We’ve built our brand values around naturality, simplicity and efficacy. And even though our company is young, we’ve already gone through somewhat of a rebranding exercise. We initially were supposed to be called season.com.
Just a week before our initial launch (meant to be in January 2019) we were forced to change our brand name. It turned out that our trademark, “Season”, was too close to another French competitor, who requested us to change our name just before our planned launch. At the time, this presented a number of logistic challenges but in the long run turned out to be a blessing; we were able to find a name much more in-line with our mission and values. Typology.
Once we were up and running, we set out to gain more visibility. We worked with key journalists, influencers, ran ads on a variety of online and social platforms, and also advertised in the metro. All of these — in particular positive press relations and influencer endorsements, contributed to our word of mouth and ultimately our visibility — but there is one project we launched that I felt really highlighted our brand values better than any advertisement: #BlackforGood.
Black for Good is a campaign we launched for Black Friday, which is obviously an important moment for consumer brands. We wanted to turn Black Friday into something of a more positive event — to a moment of give back, from both brands and consumers. We would give back all the profits we make during this period to Eden Reforestation Project (a charity that supports local community to replant trees across South America and Nepal), and we also called for other forward-thinking brands to join the movement.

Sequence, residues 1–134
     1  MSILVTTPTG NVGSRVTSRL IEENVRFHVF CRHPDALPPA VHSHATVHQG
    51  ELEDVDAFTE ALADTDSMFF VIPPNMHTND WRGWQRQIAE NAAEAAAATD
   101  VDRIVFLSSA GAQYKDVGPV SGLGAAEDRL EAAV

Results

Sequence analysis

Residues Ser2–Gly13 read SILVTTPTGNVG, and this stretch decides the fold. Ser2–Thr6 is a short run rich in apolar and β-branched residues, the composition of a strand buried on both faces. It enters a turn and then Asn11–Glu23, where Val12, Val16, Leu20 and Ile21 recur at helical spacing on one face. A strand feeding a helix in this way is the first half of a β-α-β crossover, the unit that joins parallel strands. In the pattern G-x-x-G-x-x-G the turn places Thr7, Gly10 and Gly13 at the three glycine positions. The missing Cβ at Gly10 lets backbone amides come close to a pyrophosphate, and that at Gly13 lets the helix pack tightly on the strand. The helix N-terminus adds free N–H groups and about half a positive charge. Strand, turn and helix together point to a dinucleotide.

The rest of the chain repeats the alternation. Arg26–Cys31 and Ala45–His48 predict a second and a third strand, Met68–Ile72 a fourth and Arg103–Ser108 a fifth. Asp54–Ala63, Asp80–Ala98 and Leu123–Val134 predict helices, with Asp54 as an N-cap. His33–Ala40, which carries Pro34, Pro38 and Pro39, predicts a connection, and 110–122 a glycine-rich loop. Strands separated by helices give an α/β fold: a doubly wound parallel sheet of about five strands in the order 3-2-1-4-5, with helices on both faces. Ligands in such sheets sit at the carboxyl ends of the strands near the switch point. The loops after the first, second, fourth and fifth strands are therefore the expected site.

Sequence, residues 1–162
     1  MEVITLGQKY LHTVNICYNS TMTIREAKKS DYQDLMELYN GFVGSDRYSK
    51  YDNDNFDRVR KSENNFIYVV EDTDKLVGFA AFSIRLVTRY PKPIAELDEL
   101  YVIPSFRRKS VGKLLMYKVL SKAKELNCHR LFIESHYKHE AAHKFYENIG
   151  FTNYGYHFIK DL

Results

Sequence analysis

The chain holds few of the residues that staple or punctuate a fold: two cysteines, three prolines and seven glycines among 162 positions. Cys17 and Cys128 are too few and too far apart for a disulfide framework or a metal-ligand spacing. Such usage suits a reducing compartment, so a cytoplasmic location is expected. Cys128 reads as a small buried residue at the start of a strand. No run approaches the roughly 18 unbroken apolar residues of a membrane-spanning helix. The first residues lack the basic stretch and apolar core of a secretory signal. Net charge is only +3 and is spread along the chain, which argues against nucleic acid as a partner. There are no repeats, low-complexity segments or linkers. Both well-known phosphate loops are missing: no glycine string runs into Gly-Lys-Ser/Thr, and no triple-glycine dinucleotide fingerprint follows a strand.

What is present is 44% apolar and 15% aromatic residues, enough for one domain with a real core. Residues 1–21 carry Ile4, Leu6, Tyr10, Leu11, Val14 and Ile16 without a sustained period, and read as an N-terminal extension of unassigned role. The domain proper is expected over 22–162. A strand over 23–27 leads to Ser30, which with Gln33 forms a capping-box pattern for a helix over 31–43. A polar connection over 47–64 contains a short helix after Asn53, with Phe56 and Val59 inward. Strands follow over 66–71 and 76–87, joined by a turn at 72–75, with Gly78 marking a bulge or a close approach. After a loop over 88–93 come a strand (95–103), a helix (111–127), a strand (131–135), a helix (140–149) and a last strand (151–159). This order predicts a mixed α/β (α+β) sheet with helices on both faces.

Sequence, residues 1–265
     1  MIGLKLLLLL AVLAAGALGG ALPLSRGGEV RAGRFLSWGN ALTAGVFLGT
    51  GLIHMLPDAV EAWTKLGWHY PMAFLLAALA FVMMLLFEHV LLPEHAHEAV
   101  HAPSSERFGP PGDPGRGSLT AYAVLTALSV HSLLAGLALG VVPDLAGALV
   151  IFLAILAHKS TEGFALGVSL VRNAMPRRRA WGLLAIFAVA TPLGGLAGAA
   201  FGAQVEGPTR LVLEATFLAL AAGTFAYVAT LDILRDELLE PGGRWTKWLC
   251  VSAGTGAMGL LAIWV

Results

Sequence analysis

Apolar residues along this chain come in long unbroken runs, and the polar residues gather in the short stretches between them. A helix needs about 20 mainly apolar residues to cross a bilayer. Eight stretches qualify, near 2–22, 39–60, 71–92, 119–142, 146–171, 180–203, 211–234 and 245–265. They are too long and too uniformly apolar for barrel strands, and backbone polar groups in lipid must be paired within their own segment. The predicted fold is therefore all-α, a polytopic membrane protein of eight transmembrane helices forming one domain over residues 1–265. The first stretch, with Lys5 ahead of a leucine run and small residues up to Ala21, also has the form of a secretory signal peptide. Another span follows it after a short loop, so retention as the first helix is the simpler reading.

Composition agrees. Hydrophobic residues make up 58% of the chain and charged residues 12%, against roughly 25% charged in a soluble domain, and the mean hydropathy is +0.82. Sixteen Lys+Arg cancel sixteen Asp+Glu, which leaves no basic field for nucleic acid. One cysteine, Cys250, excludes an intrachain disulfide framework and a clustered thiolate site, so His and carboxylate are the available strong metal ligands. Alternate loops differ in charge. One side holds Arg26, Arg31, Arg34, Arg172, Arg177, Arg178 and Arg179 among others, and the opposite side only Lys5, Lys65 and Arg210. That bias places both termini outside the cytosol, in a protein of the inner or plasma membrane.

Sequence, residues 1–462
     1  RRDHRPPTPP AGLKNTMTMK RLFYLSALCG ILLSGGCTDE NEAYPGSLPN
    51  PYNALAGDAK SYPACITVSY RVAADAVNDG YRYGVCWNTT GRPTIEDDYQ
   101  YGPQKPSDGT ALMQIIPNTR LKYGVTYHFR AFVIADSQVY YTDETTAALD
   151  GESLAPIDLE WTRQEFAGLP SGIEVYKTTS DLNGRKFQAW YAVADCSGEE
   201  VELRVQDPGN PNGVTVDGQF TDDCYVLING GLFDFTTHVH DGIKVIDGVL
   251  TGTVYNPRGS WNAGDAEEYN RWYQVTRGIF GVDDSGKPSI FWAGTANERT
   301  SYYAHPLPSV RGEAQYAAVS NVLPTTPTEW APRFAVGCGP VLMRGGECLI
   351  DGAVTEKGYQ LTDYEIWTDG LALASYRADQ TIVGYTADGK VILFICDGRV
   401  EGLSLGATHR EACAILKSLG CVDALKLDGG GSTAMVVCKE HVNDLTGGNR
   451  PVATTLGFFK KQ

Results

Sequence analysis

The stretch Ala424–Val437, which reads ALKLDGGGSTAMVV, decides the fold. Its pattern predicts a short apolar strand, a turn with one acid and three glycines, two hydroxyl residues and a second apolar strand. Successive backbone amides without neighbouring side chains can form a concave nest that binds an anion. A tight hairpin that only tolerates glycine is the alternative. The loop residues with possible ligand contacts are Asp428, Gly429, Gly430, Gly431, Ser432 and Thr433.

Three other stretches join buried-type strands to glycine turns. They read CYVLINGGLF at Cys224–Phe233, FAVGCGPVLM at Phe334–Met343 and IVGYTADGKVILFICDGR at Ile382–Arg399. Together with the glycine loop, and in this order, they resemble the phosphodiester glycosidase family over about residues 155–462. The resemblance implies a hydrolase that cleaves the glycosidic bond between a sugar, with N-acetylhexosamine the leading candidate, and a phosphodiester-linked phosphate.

At the end, over 80 brands (of which 70% are also in cosmetics sector) joined our movement. We planted hundreds of thousands of trees but we also created a positive moment, an alternative to the mainstream consumption event.
Logistics: dealing with selling out and strikes
After my experience at Made and shipping furniture around the world, I was hardly expecting logistics to be an issue — and for the most part, it hasn’t been. However, there were 2 issues this year that definitely complicated things from a logistics perspective: selling out of certain products and the Paris strikes.
We sold out on many occasions of our best selling products last year. Some people may think that selling out of certain products is a good thing, that it shows high demand. And while it may be just that, I personally can’t stand selling out of a product because I hate making our customers wait. We source ingredients from sustainable, natural sources and a lot of our production are subject to plantation seasons (there are only so many months in Chili you can harvest our cold-press rosehip oil, for example. We ended up launching pre-orders as a feature for key items that are in hot demand as a way to satisfy our customers-in-waiting.